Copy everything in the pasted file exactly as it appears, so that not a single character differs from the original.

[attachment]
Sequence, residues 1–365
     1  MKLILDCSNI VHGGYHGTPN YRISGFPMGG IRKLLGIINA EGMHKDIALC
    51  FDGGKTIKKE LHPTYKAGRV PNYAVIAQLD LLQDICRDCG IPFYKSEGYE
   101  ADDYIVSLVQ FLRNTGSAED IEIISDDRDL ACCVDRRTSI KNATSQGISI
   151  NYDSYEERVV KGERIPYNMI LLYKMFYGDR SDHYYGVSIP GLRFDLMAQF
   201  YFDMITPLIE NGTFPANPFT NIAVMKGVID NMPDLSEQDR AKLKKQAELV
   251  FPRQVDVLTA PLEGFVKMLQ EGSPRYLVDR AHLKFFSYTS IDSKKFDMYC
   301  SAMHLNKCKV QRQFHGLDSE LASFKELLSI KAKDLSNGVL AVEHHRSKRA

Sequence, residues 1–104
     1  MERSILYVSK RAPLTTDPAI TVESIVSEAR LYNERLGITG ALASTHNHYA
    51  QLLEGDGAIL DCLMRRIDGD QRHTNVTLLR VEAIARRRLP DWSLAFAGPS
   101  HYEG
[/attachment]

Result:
Sequence, residues 1–365
     1  MKLILDCSNI VHGGYHGTPN YRISGFPMGG IRKLLGIINA EGMHKDIALC
    51  FDGGKTIKKE LHPTYKAGRV PNYAVIAQLD LLQDICRDCG IPFYKSEGYE
   101  ADDYIVSLVQ FLRNTGSAED IEIISDDRDL ACCVDRRTSI KNATSQGISI
   151  NYDSYEERVV KGERIPYNMI LLYKMFYGDR SDHYYGVSIP GLRFDLMAQF
   201  YFDMITPLIE NGTFPANPFT NIAVMKGVID NMPDLSEQDR AKLKKQAELV
   251  FPRQVDVLTA PLEGFVKMLQ EGSPRYLVDR AHLKFFSYTS IDSKKFDMYC
   301  SAMHLNKCKV QRQFHGLDSE LASFKELLSI KAKDLSNGVL AVEHHRSKRA

Sequence, residues 1–104
     1  MERSILYVSK RAPLTTDPAI TVESIVSEAR LYNERLGITG ALASTHNHYA
    51  QLLEGDGAIL DCLMRRIDGD QRHTNVTLLR VEAIARRRLP DWSLAFAGPS
   101  HYEG